So,  today’s my wedding anniversary.  Hubby and I are celebrating four years of marital bliss, we had Crystal the Boogie sitter scheduled, reservations… the whole nine.  But around 2pm today, after washing and twisting my hair, I received an email from an HLN producer requesting an interview about the Gabby Douglas hair controversy.  While Hubby has been keeping me updated on the Olympics, I must confess, I don’t like sports and most Olympic sports are kinda boring.  But of course I’ve seen the beautiful young Black woman beaming with her Gold medals and felt a welling up of pride with the rest of America.  But yeah, the alleged controversy?  Missed all of that.  So when the email came from HLN, I had to do my research.

Fastforward.  I was all fired up and couldn’t believe that this would even be a topic for discussion.  I was prepared to give a tongue lashing to CNN, HLN, hell, I was gonna call FOX and MSNBC and let them know too, when I got the call from the producer.  She assured me that Isha was on the same page and that she too wanted to support Gabby and refocus the discussion on her accomplishments… i.e. shut down the haters.

So I prepared a few new comments that took the media out of my radar and
focused squarely on those haters… I was fired up like I was about to
address my own haters.

Fastforward. The interview is over. And I take a look at Facebook and was shocked to see several negative comments that occurred BEFORE I even went on air. Comments ranged from I ‘shouldn’t address this issue’ to  I’m ‘a part of a larger white media conspiracy against Black women’. 

I agree that the media isn’t always friendly to Black people. But when faced with an opportunity like this you have one of two options: (1) step up and put Black women in the best light possible, or (2) let the producers run away with the message.  I chose and will continue to choose the former.   We need to define ourselves as women.

As always, I hope you are proud of the way that I represented our community in the public eye. I felt like if they’re going to air our dirty laundry, it is important that someone remind people that this is only a minority of folks, just like the people that wanted to convict me before hearing me speak are a minority.

If you didn’t get a chance to see it, find a summary of my points below-

  • Gabby Douglas should be celebrated for her achievements not targeted. She’s representing the entire country right now, doing an amazing job and any commentary that doesn’t focus on what she has achieved is clearly out of place. It’s silly and ridic.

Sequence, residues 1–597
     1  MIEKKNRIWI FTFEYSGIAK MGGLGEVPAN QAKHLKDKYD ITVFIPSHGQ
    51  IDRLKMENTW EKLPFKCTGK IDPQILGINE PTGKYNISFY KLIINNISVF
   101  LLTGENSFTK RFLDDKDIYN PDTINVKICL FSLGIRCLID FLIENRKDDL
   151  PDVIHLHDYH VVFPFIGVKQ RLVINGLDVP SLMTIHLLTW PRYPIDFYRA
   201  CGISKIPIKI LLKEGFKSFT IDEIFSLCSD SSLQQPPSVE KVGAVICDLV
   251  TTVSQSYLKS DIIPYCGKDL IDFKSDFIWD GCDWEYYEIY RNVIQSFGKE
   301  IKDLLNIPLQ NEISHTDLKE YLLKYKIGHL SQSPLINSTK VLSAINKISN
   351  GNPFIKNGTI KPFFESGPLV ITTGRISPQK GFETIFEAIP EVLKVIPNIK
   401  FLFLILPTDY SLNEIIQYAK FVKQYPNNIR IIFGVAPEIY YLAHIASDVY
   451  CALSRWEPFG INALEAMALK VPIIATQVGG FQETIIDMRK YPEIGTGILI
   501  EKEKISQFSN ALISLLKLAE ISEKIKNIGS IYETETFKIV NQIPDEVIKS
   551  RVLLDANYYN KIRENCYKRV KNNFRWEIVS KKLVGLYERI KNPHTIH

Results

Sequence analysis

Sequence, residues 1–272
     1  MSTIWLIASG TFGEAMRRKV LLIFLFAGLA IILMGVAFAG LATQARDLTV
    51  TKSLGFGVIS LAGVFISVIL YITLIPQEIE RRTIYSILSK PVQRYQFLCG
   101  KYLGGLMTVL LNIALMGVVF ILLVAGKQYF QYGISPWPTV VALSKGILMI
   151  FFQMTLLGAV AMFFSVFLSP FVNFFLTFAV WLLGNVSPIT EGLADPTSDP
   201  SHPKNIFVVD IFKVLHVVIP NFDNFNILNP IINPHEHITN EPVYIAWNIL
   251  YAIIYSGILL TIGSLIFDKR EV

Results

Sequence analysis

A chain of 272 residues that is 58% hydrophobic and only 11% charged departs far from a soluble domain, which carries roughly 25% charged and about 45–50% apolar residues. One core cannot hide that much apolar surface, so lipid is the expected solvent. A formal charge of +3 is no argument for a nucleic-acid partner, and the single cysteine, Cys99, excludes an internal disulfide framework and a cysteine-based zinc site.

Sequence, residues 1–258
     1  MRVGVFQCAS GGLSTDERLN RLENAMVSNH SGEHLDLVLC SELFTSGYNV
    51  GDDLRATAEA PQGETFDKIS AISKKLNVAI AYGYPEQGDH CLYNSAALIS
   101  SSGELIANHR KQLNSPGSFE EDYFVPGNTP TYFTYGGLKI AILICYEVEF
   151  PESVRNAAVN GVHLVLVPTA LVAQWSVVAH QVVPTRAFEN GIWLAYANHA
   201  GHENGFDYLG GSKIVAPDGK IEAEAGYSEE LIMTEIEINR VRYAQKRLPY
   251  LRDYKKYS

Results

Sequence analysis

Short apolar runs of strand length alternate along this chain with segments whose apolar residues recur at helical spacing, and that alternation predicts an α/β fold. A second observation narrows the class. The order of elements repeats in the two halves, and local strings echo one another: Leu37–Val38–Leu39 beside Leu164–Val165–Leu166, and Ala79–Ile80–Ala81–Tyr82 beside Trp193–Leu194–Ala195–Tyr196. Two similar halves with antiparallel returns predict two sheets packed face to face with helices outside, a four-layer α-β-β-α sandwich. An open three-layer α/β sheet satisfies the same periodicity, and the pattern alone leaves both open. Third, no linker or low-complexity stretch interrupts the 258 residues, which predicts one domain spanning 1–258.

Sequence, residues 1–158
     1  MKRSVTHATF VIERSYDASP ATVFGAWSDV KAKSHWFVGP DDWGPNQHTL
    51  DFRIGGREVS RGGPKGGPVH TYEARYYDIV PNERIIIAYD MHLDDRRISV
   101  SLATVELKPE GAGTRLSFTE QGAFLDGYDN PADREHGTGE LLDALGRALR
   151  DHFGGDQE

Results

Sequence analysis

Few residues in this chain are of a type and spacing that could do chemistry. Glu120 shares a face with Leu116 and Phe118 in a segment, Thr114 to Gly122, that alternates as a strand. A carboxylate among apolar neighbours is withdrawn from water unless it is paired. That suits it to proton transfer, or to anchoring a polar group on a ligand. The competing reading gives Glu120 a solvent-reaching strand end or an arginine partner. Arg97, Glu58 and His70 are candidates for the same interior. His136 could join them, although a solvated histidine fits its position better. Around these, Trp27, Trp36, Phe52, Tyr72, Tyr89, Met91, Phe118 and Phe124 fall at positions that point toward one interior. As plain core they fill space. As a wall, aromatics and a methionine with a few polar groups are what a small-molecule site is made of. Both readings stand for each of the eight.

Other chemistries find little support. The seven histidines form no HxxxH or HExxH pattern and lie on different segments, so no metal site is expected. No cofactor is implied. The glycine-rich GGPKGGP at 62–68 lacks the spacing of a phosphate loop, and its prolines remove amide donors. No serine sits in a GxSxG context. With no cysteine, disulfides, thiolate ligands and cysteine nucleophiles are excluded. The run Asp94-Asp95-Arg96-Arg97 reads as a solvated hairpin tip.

• Generally, the online hair community has been a force for good for Black women especially those that are looking to go natural. For instance, the Surgeon General has noted that the obesity problem among Black women is a function of a general unwillingness to adopt workout routines partly out of fear that they will ruin their hair. So, the natural hair movement is helping women achieve versatility and an overall healthier lifestyle, including exercise routines. Ideally the community would be able to eliminate all forms of judgement but that’s not always the case, such is life.  For myself and many of the Curlynikki community members this is not an anti-relaxer movement or an anti-straight hair movement, but one that educates and empowers textured women to achieve healthier hair, versatility and practicality. 
  • By the bye, this judgement/negativity/criticism isn’t unique to Black women… this is women in general. People. It’s human nature.
  • I deal with issues of self-esteem and body image in my practice as a psychotherapist and the hair issue is really no different. While it might seem like an insignificant detail, a woman’s hair impacts greatly on her overall aesthetic, we all know that a ‘bad hair day’ can destroy your mood. Usually a ‘bad hair day’ is something you experience in your own mind, but imagine having that reinforced or even implanted by your peers or society at large in a very public way.   I mean, imagine if everyone was talking about you while you were on the job. It’s a distraction that no one wants. 
  • As I’m sure Gabby already knows, there is no way to keep negativity off the internet or out of society at large. All we can do is to combat that negativity with positive forums such as, BlackGirlLongHair, Afrobella, NaturalChica, Hairscapades, etc. 
  • As for our children, we should give hair positive attention but it shouldn’t be the focus. Compliment your daughter’s hair but build up and focus on her interests and talents. In my opinion this conversation shouldn’t even be happening, we should be celebrating Gabby not debating her hair choices.  

    p.s. Tomorrow is the last day for your Book Scholarship entries!

    p.p.s Our Boogie-Sitter snapped a couple of pics of Gia watching the segment… baby girl was hugging the TV!-